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The Last Astronaut by David Wellington

Published by Orbit on July 23, 2019

The Last Astronaut is a first contact novel. Early in the story, the contact kills an astronaut. If you have seen any of the Alien movies, you’re familiar with the concept. Fortunately, although the novel feels like a patchwork of ideas borrowed from Alien and Arthur C. Clarke’s Rendezvous with Rama and a couple of Star Trek episodes, the story offers a moderate measure of fun for readers, particularly those who don’t read much science fiction and are not put off by the absence of fresh ideas.

The story begins in the past. Sally Jansen is the mission commander of a crew traveling to Mars when something goes wrong. She jettisons a part of the ship to save the rest of it, killing a crew member and aborting the mission. Whether Sally is a hero for saving the ship and the rest of the crew or a failure for allowing a death divides opinion at NASA.

About 20 years later, Sunny Stevens is working for a private NASA competitor when he observes an object approaching Earth that has spontaneously started to slow. His employer doesn’t seem to care, so he quits and goes to work for NASA. Parminder Rao, an astrobiologist, is pulled from her project and assigned to the discovery. Sally Jansen is recruited to join the team, returning to NASA after a long absence. Windsor Hawkins is added as the representative from Space Force. The astronauts are sent to make first contact with what is assumed to be an alien vessel. They actually make second contact, as a ship launched by Stevens’ former employer beats them to the prize.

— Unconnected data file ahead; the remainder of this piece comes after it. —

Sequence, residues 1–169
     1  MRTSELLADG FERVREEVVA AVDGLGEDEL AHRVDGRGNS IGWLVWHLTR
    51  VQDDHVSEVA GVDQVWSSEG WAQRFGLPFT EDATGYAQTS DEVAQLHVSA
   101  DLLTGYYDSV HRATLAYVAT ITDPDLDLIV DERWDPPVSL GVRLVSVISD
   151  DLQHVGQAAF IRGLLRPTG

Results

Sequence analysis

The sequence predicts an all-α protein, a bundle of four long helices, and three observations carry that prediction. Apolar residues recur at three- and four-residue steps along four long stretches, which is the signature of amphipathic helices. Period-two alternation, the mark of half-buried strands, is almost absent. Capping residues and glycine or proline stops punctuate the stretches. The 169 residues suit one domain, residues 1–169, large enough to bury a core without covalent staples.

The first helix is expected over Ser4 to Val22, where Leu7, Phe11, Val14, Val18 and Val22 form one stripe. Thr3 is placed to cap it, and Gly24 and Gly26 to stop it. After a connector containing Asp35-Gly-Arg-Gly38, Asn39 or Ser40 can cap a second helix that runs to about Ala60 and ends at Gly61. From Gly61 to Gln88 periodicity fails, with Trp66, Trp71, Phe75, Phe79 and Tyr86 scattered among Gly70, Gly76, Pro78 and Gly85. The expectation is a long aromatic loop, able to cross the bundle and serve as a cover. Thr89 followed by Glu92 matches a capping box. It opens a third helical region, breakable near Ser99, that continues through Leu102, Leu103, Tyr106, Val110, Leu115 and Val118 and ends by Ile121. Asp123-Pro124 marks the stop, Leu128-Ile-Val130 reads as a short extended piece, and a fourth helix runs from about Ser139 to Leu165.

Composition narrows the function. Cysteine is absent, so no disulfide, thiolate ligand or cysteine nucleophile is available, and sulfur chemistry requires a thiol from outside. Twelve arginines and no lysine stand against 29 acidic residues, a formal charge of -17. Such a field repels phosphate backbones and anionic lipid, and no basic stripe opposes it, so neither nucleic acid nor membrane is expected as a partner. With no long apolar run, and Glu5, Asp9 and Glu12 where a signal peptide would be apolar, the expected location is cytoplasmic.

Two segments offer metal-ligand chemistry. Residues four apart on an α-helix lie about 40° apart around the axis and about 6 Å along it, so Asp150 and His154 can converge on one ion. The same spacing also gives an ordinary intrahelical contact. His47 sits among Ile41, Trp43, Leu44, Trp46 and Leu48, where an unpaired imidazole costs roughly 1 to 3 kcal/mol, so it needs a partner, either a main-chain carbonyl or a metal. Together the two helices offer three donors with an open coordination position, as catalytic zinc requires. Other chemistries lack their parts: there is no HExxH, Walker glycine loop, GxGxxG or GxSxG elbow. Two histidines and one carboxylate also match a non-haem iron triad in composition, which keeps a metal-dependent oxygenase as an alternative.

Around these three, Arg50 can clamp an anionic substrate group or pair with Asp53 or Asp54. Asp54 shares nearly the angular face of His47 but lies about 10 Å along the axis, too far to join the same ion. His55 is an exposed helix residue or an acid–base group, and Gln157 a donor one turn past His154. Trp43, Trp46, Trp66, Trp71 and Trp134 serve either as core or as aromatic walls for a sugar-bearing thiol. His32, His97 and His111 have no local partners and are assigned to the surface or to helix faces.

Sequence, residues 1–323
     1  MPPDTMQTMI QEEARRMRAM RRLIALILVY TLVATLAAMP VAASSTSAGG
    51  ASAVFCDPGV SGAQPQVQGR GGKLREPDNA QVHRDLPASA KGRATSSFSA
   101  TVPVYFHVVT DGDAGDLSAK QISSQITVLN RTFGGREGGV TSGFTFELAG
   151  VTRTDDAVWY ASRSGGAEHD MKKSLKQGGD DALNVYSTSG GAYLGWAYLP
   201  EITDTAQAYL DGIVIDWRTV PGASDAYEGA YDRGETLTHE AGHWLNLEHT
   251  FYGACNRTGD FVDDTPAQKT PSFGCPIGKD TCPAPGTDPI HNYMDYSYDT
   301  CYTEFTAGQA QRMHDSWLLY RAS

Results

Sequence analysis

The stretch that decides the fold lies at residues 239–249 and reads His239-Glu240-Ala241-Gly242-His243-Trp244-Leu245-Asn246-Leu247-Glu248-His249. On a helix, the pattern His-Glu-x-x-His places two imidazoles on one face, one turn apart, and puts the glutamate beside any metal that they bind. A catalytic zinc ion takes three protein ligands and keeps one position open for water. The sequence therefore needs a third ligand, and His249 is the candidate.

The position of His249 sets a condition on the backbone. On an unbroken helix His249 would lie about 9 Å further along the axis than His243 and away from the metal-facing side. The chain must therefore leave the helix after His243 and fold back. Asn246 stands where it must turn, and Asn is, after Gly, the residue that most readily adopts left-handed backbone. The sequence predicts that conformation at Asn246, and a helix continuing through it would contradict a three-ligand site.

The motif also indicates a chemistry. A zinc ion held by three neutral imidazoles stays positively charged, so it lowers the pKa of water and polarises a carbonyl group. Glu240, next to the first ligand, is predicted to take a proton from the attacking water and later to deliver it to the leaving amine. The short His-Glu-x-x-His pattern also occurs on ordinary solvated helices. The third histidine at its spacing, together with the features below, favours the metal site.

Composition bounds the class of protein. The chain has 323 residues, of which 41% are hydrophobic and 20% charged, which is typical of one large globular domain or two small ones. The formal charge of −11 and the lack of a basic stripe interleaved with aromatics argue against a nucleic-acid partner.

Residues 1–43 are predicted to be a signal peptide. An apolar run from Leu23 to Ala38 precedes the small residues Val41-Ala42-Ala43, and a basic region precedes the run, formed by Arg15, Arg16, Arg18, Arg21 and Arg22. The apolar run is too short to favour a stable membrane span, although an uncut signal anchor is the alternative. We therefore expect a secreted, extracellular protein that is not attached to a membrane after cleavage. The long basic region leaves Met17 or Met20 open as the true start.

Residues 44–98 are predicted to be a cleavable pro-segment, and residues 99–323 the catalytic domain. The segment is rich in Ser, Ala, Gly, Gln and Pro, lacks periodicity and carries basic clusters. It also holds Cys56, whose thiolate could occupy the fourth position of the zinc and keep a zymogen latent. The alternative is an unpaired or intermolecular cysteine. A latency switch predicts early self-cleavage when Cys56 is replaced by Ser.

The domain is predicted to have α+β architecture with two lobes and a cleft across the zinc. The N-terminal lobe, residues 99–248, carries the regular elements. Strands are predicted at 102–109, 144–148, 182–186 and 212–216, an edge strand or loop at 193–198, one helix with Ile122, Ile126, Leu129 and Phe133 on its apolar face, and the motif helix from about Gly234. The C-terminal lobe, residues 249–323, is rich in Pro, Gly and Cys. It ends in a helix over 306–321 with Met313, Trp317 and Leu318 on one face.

The dual themes of The Last Astronaut will be familiar to science fiction fans. First, our ignorance is vast. Any aliens that humans encounter are likely to be truly alien. Making assumptions based on our limited knowledge of how things work on Earth is more likely to impede than to assist understanding. Second, the tendency of hawks in or out of the military is to kill anything they don’t understand, and that tendency will certainly assert itself in any first contact with aliens.

The secret of the alien ship is revealed a bit more than halfway through the novel. Science fiction fans will have guessed that secret in the novel’s early pages (again, the concept is far from original) but the real question is what our intrepid space travelers will do once they learn the truth. Their actions are predictable, but they keep the story moving. The ending is so artificially upbeat that I didn’t buy it. Some of the action on the way to the ending is nevertheless entertaining in an unchallenging, summer beach read way.

A few details of the story don’t make much sense. For example, the description of its airlocks is difficult to reconcile with what we learn about the nature of the alien ship. More problematic are the melodramatic efforts to bolster Jansen’s heroism. The novel drags when expository sections remind the reader of Jansen’s fears and courage. At several points I was muttering “just get on with it.” About 20% of The Last Astronaut could have been trimmed. Even then, the story would not be meaty, but it would have been a better action/adventure novel if its efforts to make the reader feel sympathy for Jensen had been less forced.

If you want to read an action/adventure novel with science fiction trappings and you don’t mind stock characters, you might enjoy The Last Astronaut. If you have read a fair amount of science fiction, you won’t find anything fresh here.


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